When designing a database, information professionals ought to think of the database searchers, the ways in which they might search, or query the database, and the kinds of help they might need while searching. Belkin’s ASK theory—that people do not have queries but rather an anomalous state of knowledge—provides a helpful conceptual framework for the human-centered information retrieval design:
- information needs are not in principle precisely specifiable;
- it is possible to elicit problem statements from information system users from which representations of the ASK underlying the need can be derived;
- there are classes of ASKs; and
- all elements of information retrieval systems ought to be based on the user’s ASK.
Building a database in a way that accommodates the users’ anomalous state of knowledge involves providing users with different ways of querying the database. “In contrast to browsing, information searching requires the more structured and targeted search for information that meets pre-determined criteria,” Rowley and Hartley point out (2008, p. 114). The most popular search strategies include: keyword search, phrase search, subject search, Boolean logic, truncation, proximity, and nesting.
- Keyword searching, also known as simple search or quick search, searches for words in the natural language fields, such as title, summary, or the text fields of a record, as well as list-based fields, such as controlled vocabulary-indexed fields. In CONTENTdm, for example, the keyword search by default searches for strings across all fields in all collections for all terms that user puts in the search box, in any order. The disadvantage of this search is that the query only retrieves exact matches and does not retrieve the keyword’s synonyms.
- Phrase searching retrieves only those records that contain the words in the particular order in which they appear in the phrase user types in the search box.
- Subject search will only target the database records’ subject field. While producing high-precision results, this search affords interoperability only with those databases that employ the same set of controlled vocabularies in their subject fields as the native database.
- Boolean logic allows using Boolean operators AND, OR, and NOT with the search terms, in order to narrow or expand a search, or to exclude search terms from the query results.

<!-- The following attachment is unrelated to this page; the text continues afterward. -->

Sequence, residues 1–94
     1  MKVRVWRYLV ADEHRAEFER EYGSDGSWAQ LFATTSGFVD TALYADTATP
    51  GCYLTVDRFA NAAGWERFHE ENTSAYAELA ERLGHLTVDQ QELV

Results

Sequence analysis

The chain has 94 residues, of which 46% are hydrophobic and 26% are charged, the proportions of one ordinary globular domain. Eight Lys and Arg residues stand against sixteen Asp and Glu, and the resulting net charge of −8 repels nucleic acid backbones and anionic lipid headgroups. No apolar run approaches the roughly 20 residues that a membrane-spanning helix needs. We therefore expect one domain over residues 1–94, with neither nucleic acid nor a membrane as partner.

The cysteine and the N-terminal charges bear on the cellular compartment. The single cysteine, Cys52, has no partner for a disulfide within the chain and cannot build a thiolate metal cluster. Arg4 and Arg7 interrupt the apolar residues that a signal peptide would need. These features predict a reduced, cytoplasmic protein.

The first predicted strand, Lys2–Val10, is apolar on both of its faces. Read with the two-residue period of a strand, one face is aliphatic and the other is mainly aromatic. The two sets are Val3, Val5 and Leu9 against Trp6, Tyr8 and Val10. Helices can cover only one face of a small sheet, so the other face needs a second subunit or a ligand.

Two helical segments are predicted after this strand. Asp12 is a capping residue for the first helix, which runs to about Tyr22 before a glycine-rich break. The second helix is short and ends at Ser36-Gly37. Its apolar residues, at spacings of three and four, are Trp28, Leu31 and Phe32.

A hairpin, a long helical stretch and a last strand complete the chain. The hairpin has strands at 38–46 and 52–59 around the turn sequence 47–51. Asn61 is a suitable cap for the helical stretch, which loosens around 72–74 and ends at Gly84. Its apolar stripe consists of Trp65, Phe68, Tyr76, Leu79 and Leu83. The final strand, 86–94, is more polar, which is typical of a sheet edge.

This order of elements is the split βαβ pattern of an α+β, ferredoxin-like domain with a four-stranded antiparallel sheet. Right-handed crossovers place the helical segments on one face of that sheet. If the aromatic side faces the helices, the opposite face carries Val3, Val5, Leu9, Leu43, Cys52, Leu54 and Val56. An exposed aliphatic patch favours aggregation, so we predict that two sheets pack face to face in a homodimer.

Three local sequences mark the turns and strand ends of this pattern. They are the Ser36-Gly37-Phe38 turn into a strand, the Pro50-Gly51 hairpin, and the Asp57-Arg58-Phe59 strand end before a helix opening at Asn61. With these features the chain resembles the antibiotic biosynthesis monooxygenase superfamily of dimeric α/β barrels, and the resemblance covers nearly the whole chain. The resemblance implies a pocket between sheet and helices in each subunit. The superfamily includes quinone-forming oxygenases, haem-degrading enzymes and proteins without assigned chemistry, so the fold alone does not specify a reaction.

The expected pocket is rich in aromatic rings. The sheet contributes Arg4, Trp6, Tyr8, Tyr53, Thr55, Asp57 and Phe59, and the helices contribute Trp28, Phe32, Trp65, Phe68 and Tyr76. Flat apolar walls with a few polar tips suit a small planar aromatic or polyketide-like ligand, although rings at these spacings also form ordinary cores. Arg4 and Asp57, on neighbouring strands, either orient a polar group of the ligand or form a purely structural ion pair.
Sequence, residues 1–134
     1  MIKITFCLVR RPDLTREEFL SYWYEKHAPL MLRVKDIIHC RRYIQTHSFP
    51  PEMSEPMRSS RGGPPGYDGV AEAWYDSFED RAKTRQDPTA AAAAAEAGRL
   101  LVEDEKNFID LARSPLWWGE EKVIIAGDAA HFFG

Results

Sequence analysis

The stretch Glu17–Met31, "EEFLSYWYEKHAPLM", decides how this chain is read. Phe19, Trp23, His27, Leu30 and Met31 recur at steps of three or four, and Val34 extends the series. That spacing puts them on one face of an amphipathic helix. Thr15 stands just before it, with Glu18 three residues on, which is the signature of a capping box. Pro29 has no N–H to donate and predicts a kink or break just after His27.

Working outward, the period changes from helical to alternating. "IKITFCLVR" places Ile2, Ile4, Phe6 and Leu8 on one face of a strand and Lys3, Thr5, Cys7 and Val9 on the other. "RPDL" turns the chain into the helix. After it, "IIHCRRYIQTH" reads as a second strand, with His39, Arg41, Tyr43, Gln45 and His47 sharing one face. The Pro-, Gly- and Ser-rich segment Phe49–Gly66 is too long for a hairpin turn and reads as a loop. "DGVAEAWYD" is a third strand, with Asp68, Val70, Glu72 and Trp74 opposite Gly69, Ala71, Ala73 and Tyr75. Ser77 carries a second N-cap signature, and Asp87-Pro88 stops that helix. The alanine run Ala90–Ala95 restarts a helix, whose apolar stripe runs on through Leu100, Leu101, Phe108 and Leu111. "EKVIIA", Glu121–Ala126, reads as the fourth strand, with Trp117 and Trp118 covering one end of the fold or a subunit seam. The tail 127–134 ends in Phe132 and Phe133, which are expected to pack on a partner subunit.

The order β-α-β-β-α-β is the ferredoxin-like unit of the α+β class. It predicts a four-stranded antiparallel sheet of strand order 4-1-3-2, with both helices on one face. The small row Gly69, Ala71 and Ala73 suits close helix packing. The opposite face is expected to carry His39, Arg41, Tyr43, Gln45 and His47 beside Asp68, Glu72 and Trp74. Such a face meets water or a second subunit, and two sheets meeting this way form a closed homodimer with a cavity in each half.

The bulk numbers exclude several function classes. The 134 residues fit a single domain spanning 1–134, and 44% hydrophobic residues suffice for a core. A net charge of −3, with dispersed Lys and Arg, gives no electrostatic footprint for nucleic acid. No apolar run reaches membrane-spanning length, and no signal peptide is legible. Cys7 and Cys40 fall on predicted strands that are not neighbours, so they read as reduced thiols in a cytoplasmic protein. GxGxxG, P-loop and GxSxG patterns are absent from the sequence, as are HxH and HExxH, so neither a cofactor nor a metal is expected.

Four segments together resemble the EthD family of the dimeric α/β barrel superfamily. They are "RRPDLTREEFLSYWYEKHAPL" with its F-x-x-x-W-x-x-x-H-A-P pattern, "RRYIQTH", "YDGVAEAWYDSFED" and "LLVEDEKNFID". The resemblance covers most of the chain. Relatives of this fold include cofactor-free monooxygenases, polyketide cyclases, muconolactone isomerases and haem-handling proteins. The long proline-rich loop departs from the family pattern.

- By adding a wildcard symbol to the end of a word, truncation allows you to search the root of a word to retrieve all records containing words that have that root. The most common truncation symbol is the asterisk (*).
- In the proximity search, the AROUND operator is used when one looks for a combination of search terms and the number indicates the maximum distance between the two terms. The proximity search [“pirates” AROUND(5) “caribbean”] in Google, for example, retrieves 15,800,000 results.
- Finally, nesting allows building a more complex search query by placing parentheses around strings of searches containing Boolean operators, e.g. a user searching for philatelist association in Philadelphia or Pennsylvania, can use a nested search: “philatel* AND (philadelphia or pennsylvania).”
Once a database has been designed, its information retrieval effectiveness is evaluated in beta testing. The database effectiveness is drawn from measurements of recall, i.e. how well the database system aggregates all of the relevant records, and precision, or how well the database system discriminates, i.e. retrieves only the records that are relevant to the user’s query. According to Rowley and Hartley (2008, p. 293), database evaluation results can include four possible outcomes:
- hits, i.e. some relevant documents are successfully retrieved
- noise, i.e. some items that are not relevant are retrieved
- misses, i.e. the search fails to retrieve some relevant items
- dodged, i.e. some irrelevant items are not retrieved.
Recall and precision ratios are usually expressed in percentages, calculated as follows:
Recall = Total relevant retrieved / Total relevant in system x 100, i.e. Recall = a / (a+c) x 100
Precision = Total relevant retrieved / Total retrieved x 100, i.e. Precision = a / (a+b) x 100
Several methods exist to measure the database search effectiveness by correlation of precision and recall; one of them is discussed in Evidence 3 below.